With the top result of around 1.7 million*, the Rare Books Auction at Ketterer Kunst
in Hamburg on November 29 exceeded the excellent spring result by ca. 20%. In the Evening Sale alone almost 90% of the objects were sold, many with enormous increases owed to the interest of at times up to 20 bidders. The stars of the evening were Abraham Ortelius and Gregor Mendel.
A life without Google Maps is posssible: The analog world of Abraham Ortelius, whose atlas Theatrum orbis terrarum (lot 22) was the measure of all things for all later atlases, attracted great attention - not only in the run-up to the auction and in the due to Covid regulations rather sparsely attended auction room. Phone bidders in particular, of which most were from Europe and the USA, but also various online bidders, lifted the impressive book from a calling price of 65,000 to the excellent result of 162,500, eventually granted by a French trader.
The battle for Gregor Mendels Versuche über Pflanzen-Hybriden (lot 42), fought by around a dozen proxies and seven phones from Germany, Austria and the USA, was not least impressive. Despite the late persistence of an American trader, a German private collection eventually carried the trophy home for 143,750* - more than a five-fold of the calling price.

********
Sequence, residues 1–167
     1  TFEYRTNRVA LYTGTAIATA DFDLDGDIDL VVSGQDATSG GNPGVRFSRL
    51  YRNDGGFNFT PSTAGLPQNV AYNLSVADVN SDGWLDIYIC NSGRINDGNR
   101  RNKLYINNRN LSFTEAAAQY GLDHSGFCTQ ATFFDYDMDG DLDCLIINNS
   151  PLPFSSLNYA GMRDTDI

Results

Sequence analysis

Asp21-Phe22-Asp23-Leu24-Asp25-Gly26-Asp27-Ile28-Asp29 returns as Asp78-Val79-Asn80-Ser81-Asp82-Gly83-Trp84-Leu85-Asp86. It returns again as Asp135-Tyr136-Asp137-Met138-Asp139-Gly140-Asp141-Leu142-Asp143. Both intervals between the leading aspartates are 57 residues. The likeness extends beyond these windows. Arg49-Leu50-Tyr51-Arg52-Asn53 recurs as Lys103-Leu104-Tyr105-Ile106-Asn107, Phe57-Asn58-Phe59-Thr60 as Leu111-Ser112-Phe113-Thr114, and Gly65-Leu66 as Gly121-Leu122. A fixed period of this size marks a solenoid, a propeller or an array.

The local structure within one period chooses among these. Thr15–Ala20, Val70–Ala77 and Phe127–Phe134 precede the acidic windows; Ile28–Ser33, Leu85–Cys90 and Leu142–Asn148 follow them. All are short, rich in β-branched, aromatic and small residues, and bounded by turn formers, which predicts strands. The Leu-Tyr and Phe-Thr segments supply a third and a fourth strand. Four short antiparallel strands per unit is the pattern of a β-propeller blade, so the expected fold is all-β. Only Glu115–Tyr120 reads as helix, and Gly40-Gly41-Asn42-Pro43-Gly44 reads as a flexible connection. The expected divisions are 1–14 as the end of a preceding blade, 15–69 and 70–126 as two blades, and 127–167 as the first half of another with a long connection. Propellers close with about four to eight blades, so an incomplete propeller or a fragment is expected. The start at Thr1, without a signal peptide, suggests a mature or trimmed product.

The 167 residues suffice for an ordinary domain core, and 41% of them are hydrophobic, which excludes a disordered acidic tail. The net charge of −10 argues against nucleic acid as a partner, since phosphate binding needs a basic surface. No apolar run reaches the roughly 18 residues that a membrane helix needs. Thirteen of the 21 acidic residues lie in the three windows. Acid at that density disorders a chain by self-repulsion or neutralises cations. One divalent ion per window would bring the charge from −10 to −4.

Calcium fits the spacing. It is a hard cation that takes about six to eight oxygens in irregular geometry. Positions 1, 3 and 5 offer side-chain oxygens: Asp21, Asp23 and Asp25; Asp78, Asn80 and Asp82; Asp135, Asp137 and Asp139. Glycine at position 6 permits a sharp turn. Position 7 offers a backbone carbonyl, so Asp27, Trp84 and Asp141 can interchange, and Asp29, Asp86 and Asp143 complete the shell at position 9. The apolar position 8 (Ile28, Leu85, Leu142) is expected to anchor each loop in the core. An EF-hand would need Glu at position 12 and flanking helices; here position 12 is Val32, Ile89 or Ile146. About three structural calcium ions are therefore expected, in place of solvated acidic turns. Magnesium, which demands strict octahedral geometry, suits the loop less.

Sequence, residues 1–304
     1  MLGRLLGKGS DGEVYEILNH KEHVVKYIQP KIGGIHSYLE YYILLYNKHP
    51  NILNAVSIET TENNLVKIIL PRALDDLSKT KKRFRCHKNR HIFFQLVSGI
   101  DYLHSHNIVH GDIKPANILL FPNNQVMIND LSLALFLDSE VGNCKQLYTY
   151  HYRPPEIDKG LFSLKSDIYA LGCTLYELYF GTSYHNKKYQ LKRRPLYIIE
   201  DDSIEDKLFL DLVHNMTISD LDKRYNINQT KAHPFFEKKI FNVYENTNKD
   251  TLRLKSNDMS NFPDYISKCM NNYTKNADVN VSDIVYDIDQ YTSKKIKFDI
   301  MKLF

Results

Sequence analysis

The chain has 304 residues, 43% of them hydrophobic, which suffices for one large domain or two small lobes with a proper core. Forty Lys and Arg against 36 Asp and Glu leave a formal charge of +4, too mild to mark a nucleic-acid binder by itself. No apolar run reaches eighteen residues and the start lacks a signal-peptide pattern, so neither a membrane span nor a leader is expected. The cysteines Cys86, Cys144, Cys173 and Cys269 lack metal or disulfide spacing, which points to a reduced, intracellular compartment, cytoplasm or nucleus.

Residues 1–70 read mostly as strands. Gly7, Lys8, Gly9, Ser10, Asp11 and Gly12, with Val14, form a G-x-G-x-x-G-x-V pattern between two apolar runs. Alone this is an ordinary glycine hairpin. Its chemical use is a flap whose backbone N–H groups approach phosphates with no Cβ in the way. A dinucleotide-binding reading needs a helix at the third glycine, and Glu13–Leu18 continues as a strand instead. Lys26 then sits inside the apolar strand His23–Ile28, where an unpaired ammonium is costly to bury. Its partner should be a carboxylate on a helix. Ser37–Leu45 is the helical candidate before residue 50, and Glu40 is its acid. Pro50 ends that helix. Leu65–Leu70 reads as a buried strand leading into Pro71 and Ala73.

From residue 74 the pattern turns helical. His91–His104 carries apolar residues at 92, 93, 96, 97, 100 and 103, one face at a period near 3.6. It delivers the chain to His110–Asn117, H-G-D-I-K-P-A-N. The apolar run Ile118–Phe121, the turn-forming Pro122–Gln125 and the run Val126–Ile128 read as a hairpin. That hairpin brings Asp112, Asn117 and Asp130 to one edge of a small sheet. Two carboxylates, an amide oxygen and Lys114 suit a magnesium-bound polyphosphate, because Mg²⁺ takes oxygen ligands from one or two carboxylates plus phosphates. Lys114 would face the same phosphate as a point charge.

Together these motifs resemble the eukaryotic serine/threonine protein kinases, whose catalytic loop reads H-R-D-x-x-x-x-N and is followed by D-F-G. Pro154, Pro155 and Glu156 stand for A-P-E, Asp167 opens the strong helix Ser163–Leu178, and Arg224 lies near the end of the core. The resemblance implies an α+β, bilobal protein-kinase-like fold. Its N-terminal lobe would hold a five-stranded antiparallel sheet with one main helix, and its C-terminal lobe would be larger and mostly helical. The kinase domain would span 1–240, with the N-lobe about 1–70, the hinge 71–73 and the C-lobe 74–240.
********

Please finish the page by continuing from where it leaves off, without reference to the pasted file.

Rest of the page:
This result is a world record price for the first edition, explains Christoph Calaminus, auctioneer and head of Ketterer Rare Books in Hamburg, happily. He continues with much general contentment: It was a very good sale with brisk domestic and international bidding, to which more than 40 results in five figure realms and an continuously growing online participation testify.
German book lovers let Will Grohmanns fantastic artist book with woodcuts and book decor by Ernst Ludwig Kirchner (lot 69) soar to nearly three and a half times its calling price of 15,000. A German private collection eventually honored the signed de-luxe edition with 60,000.
Estimated at 8,000, it also was a German bidder who stood his grounds for the monumental splendid work (lot 31) by the Orient painter David Roberts. After a tough battle against international competitors, mainly from Italy and Great Britain, he gained the victory for a result of 27,500.
Yet another highlight was the Latin Book of Hours for the Use of Langres. With his generous written bid, an Austrian collector lifted the rare manuscript from a calling price of 36,000 to a result of 60.000 and relegated competitors, in particular a persistent English trader, to places second and beyond.